I finished University in April 2018, and graduated in July. What I was massively unprepared was what was to come with post-university life, and how much I’d be faced with once I’d handed in that final essay and embraced what I initially saw as gold tainted ‘freedom.’
Although you’re technically an adult, as far as age is concerned, from the age of 18, you don’t really fulfil the requirements of adulthood until you’re at least 21. That is, if you spent the 3 years in between on a University campus like I did.
Having finished University last year, I thought I’d share a few things I’ve learnt since I started adulthood ‘officially’…
It Doesn’t All Fall into Place Straight Away
As much as you may think it’ll all fall into place once that degree certificate is in your palms, it doesn’t usually work out that way and that is okay.
When you’re young, you see adults as being able to do anything. You look at your parents and can’t begin to imagine that they get things wrong, that they don’t know what they’re doing, that they have moments of self-doubt. Because adults are supposed to have it together all the time.
But really, we’re all just humans trying to navigate this world by, usually, making it up as we go.
You might have to work in retail for 6 months after uni, just to get by. That doesn’t mean you’re stupid, or that uni was a waste of time, or that you’re a failure. I’ve been there, I thought all of those things. But it’s purely that our society is a bit messed up where the whole jobs available vs. amount of graduates dilemma is concerned. Everyone is after those jobs, employers are after experience that you just don’t have and a rejection doesn’t mean you’re not capable. It’s just not your calling yet and that is okay. Because every rejection is a step towards the perfect job.
You Don’t Know Anything About Finance
I mean, unless you studied finance, obviously. But for me, having graduated with a Bachelor of Arts and spending the past so many years of academia with my head in the works of Oscar Wilde and Virgina Woolf, I didn’t know the difference between Income Tax and National Insurance. As for a Credit Score, a what? I’ve spent the past 3 years budgeting a student loan, not working out what bill is what and whether I need to get a credit card to have a good credit score when applying for a mortgage.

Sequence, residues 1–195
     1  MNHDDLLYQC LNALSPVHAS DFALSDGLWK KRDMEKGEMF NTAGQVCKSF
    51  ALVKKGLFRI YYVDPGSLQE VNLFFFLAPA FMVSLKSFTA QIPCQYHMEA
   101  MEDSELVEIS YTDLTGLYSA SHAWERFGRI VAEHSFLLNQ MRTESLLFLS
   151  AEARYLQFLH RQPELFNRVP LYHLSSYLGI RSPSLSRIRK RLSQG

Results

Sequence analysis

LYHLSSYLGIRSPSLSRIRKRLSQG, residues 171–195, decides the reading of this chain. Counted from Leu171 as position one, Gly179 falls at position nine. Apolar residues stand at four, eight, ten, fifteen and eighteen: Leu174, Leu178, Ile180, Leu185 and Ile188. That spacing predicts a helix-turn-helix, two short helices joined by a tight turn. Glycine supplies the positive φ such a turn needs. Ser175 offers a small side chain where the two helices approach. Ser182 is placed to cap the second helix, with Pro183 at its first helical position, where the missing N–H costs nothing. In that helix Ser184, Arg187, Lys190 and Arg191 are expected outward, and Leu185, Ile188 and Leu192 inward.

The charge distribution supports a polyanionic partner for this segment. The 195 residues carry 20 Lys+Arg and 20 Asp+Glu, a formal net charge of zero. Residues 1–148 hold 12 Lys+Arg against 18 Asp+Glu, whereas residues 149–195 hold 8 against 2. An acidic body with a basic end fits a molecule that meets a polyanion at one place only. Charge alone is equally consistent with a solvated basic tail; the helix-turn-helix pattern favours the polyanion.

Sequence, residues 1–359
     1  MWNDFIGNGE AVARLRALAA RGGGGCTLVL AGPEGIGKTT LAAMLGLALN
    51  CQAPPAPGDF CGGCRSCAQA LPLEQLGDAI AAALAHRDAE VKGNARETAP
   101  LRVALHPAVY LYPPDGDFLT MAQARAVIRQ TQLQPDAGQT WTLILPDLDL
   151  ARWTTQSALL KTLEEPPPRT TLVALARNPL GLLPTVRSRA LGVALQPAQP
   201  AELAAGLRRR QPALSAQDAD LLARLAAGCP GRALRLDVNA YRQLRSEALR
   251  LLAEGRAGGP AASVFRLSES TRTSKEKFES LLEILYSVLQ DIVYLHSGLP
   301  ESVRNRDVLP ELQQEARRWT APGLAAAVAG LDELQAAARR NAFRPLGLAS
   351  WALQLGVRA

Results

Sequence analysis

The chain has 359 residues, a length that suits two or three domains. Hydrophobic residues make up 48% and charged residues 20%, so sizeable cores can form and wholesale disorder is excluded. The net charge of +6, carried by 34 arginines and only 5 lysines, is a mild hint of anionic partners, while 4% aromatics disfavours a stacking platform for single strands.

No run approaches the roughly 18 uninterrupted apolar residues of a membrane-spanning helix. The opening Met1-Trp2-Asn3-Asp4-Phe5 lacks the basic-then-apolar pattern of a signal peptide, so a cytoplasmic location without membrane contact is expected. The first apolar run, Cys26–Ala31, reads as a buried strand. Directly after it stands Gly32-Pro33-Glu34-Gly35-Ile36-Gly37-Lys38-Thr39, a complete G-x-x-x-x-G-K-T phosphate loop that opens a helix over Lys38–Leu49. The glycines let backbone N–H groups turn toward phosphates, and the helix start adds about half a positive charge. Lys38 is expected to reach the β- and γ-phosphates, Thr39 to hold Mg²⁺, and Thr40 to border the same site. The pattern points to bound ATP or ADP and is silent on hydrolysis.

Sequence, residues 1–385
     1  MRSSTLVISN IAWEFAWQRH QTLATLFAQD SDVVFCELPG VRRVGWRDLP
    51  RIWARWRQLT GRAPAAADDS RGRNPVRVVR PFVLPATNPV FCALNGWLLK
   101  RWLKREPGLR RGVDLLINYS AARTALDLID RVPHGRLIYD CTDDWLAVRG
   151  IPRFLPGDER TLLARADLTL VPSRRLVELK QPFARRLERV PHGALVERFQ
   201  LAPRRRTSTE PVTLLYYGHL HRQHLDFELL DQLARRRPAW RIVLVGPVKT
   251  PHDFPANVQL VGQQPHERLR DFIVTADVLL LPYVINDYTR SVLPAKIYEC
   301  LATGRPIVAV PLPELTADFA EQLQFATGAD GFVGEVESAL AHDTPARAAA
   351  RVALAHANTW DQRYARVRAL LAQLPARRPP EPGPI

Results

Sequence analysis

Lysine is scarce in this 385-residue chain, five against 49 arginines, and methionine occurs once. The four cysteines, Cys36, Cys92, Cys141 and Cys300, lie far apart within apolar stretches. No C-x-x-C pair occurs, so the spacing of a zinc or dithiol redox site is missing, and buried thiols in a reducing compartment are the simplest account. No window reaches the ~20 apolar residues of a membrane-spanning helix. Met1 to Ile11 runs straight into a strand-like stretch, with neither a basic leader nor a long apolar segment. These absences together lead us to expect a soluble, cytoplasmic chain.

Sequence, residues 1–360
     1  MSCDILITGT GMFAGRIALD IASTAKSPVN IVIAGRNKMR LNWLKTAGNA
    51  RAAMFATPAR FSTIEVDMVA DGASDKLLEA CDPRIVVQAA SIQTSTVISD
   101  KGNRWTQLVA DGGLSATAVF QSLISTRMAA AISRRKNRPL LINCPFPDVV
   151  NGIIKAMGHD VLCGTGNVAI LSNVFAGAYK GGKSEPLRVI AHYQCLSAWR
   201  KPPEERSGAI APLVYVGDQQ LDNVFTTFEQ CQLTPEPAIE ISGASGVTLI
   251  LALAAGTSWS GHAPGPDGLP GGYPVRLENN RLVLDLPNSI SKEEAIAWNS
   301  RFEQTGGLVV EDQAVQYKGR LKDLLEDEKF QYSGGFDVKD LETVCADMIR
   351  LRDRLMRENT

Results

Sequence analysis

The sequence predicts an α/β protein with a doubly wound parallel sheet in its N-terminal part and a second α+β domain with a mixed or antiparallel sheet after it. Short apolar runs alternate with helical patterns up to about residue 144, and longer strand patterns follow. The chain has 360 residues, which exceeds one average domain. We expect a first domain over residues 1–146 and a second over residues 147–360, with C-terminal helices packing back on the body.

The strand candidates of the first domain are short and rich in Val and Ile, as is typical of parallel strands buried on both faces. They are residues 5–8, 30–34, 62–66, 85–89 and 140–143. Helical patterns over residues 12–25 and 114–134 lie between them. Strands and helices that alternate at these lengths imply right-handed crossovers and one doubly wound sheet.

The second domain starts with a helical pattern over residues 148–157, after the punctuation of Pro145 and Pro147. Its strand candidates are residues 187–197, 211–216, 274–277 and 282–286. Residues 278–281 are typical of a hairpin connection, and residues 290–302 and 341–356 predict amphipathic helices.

But, it’s all a learning curve. Because in reality, no one knows these things really. You learn with time (at least, I hope so!) and it’s more than okay to ask your parents what APR stands for more than once. Or every time.
You Can Change Your Mind (More Than Once)
It’s okay to leave university and question why you spent the past 3 years studying something you now hate. It’s okay for you to go into a career not using the degree you have, or work in a field completely different from what you ever anticipated. Have a Psychics degree and now work in graphic design? Good for you. Have an English Literature Masters degree and really enjoy working in retail? That’s absolutely fine. You need to do what you love where work is concerned; why spend the next 40 years working for something or somewhere you can’t stand?
Of course, there are external pressures which then encourage internal pressure to use the degree you have. But remember, what you chose to study at 18 may not be what you ended up being good at, or loving with a passion, or may be difficult to find work in after all! It’s all about happiness, when it comes down to it. Don’t listen to Aunt Maureen at the family party who says you wasted your potential because you have a First Class degree and now work behind a checkout. You do you.
The main thing I’ve learnt in the past year is that I don’t have my life sorted or predetermined and mapped out at the age of 22. Sure, I have a degree. But more importantly, I found myself at university in ways that my degree certificate doesn’t exhibit. I found confidence, incredible friends, passion, independence and self-acceptance. Which are all life skills that I put into practice daily. After all, life is all about practice and taking it one step at a time.
We may never have it all figured out. Maybe that’s the point.